The US is the largest medical device market, worth USD 180 billion (2021) and is expected to reach USD 670 billion at a CAGR of 5.2% from 2022 to 2027. The global medical device manufacturers find it promising to get their devices approved by US FDA and subsequently export them to the US.
One critical need for the non-US device manufacturers, who intend to market their products in the US, is to appoint a US Agent. Manufacturers may either choose to appoint a reliable US Agent service provider or their importer/distributor to represent their device in the US. Foreign device manufacturers may have certain questions about US Agents, their role, and their responsibilities. Here is the list of the top 15 questions that medical device manufacturers frequently pose
1. Is it mandatory to appoint a US Agent?
Yes! As per US Food and Drug Administration (US FDA), all the foreign medical device manufacturers seeking to market their products in the United States are required to designate a US agent.
2. What are the prerequisites for a US Agent?
The US Agent can be a person or an entity and must reside in the United States. The entity must be registered in the US and must have an active DUNS number. The Agent should have a physical premise as an address to contact. The appointed entity or person should be available to assist with any communication during normal business hours.
3. What is the difference between US Agent and an Official Correspondent?
An official correspondent is the point of contact for device submissions such as 510(k), PMA, etc., and can be an employee of the sponsor or a third-party agency. The official correspondent is required for any submission, irrespective of whether it is a domestic or foreign manufacturer. The official correspondent need not be in the US and can be from any country. On the other hand, the US Agent is not involved in the device submissions and approvals. However, foreign manufacturers can choose to appoint the same person as both the US Agent and the official correspondent. In such cases, the entity shall fulfill the roles and responsibilities of both.
4. What are the responsibilities of a US Agent?
The US Agent will primarily be responsible for assisting any bilateral communication between the FDA and the manufacturer and in scheduling an FDA inspection.
US Agent will respond to questions concerning the foreign establishment’s devices that are imported or offered for import into the United States.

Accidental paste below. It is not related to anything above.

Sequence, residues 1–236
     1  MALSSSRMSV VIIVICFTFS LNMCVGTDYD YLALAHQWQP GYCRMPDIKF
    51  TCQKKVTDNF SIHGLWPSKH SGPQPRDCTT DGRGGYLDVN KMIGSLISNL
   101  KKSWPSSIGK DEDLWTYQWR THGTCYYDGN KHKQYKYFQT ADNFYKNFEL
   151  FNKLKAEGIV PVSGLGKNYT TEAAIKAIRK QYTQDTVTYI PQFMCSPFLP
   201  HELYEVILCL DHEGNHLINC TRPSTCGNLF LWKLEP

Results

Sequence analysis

Suppose the FDA is unable to contact the foreign establishment directly or expeditiously. In that case, FDA may provide information or documents to the US Agent, and such an action shall be considered to be equivalent to providing the same information or documents to the foreign establishment.
5. Do the responsibilities of a US Agent vary with the risk class of the device?
No, the roles and responsibilities of a US Agent remain the same irrespective of the Class of a device manufactured in a given foreign establishment.
6. As a US Agent, what information about the device and its manufacturing should one be informed about?
As per US FDA. "The US Agent has no responsibility related to reporting of adverse events (21 CFR Part 803), or submitting 510(k) Premarket Notifications (21 CFR Part 807, Subpart E)". The manufacturer should keep their US Agent informed about any post-approval changes, revisions in the device version, changes in manufacturing sites, labeling and packaging, and/or any change concerning registration and listing of medical devices. The official respondent would be the key to any post-approval change notifications submitted to the US FDA.
7. Is it mandatory to notify the US FDA about the US Agent details?
Yes, the foreign manufacturer is required to update the US Agent details in the FURLS system. Information such as name, title, business name, address, phone, fax, DUNS number, and email of the US Agent is required to be submitted.
8. When should a foreign medical device manufacturer appoint a US Agent?
Foreign manufacturers must designate a US Agent to carry out establishment registration, device listing, and other activities, which must be completed prior to importing the device to the US. In the case of the 510(k) exempted Class I and II devices, the US Agent can be appointed right away, followed by an establishment registration, device listing, and importation into the US.